15. Irreducible Crime: The anarchist society now faces an uncomfortable floor. Suppose society is perfectly integrated, and A=B, a=b, all reducible crime from environmental factors has been reduced. Xc=X, HR=optimal, i=minimal. How do you deal with these members of X now? They are different from everyone else, on account of them being X and therefore judged unworthy of civil society. The fact that their differences cannot be easily understood using filters of income, race, age, gender and choice of fizzy beverage is irrelevant to the fact that society has judged them different ‘in some way’, and having integrated A+B into a united C, it is now prejudiced against X. The strongest utopian will not conceive of a society with 0 criminals, asserting that crime is 100% environmental. So what of these X? Since civil society has been tacitly agreed by all of us to the fundament of humanity, we’d rather cast X outside of humanity than suffer the effort of examining the rules of a society that cannot fully integrate every single human being. For now, since resources are still our biggest constraint and even the goal of integrating A,B (removing reducible crime) seems impossible, we don’t even bother about thinking about a society’s problem of irreducible crime. It is as if they exist simply to validate the existence of free will and therefore define the respectability of the rest of us actively choosing to be non-criminals. Here lies the unfortunate difference between flaming idiot racists and their more benign cousins the institutional racists. The former think we’ve already reduced irreducible crime, that the environment is just an excuse. The latter accept the dominant environmental factor of crime, but are just unaware of how that same environmental factor has manifested in their opinion on crime.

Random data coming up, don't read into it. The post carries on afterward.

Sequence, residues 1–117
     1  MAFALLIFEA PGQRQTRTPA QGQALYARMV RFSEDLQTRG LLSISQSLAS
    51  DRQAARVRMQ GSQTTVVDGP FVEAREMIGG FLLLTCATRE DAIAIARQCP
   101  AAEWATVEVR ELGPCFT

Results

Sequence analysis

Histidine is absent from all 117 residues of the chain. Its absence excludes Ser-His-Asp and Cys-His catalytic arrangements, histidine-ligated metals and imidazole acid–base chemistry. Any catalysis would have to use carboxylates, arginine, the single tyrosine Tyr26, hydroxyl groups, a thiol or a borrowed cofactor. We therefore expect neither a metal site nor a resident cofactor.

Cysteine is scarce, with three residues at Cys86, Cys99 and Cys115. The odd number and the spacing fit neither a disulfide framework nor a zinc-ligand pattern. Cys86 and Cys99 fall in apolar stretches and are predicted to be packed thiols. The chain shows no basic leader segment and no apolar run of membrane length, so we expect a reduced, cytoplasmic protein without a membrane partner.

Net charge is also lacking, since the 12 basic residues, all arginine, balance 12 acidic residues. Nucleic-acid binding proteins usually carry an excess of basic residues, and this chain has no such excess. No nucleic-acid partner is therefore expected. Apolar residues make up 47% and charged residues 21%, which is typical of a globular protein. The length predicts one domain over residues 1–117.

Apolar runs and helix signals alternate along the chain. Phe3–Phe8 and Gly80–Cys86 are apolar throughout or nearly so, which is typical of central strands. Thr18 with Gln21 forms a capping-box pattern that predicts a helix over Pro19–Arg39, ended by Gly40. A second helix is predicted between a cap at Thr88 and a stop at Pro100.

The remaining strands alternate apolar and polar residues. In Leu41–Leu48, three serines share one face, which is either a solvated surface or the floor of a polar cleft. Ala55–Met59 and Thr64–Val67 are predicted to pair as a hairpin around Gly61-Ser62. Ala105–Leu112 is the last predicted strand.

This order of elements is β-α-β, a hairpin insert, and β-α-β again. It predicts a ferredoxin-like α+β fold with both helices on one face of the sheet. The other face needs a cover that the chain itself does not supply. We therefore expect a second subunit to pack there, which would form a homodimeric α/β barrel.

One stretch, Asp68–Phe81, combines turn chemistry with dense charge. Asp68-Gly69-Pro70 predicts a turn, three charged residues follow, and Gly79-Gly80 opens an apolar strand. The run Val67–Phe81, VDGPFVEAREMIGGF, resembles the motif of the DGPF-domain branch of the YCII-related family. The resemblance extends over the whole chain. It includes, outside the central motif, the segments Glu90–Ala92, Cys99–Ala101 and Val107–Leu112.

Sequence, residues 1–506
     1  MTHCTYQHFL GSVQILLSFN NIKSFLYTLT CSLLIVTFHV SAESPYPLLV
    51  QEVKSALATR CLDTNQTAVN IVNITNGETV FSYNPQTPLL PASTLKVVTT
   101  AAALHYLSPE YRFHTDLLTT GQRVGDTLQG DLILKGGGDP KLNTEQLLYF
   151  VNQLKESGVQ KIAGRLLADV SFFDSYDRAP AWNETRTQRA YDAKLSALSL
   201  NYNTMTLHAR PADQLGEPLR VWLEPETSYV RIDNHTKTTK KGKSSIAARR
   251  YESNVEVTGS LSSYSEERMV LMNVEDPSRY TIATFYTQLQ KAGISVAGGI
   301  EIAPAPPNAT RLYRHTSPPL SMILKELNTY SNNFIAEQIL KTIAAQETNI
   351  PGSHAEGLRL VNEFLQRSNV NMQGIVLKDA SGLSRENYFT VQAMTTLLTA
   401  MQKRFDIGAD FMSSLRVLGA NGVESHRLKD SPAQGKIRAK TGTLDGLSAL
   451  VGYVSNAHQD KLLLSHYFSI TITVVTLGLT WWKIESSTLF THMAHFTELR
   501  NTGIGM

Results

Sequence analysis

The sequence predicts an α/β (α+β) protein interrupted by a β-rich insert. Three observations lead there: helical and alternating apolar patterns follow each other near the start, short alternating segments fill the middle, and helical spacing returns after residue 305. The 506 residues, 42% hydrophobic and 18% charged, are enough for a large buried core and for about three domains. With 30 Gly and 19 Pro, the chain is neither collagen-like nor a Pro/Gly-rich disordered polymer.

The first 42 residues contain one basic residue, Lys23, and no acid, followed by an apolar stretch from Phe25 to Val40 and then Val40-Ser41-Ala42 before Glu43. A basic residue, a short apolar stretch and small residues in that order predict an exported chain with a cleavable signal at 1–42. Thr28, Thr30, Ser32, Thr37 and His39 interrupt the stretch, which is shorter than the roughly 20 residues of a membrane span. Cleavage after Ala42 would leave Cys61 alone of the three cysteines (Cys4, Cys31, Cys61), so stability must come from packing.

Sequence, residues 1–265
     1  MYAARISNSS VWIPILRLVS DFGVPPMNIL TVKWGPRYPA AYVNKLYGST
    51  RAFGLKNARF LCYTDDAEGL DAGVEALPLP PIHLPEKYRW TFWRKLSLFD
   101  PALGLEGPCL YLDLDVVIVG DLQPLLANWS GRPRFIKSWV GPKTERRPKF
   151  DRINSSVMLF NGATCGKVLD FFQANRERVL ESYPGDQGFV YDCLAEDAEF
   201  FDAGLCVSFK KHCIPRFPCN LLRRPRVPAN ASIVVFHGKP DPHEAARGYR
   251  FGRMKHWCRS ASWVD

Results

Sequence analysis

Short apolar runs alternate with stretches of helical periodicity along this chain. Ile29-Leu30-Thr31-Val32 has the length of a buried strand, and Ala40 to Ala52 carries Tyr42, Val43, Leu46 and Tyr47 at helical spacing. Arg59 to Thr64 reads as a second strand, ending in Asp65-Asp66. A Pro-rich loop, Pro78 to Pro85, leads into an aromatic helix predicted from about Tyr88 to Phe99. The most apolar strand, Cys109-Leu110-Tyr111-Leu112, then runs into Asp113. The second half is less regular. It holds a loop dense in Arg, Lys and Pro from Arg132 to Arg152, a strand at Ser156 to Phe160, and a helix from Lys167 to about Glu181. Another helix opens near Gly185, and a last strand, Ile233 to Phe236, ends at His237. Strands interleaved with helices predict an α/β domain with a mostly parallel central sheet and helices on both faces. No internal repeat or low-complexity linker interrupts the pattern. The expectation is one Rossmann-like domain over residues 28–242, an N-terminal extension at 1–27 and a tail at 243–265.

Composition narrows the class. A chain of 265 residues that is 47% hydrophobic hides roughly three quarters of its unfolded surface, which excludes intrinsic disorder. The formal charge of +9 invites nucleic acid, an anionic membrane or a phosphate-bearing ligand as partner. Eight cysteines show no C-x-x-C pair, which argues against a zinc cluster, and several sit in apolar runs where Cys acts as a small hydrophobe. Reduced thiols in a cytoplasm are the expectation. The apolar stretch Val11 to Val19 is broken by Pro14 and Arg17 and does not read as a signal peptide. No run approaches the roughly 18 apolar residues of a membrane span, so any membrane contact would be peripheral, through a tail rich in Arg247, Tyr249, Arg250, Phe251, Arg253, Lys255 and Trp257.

A novel insightful exercise to determine the pragmatic difference in intellectual payoff between a novel insight and an obvious fact mistaken for novel insight.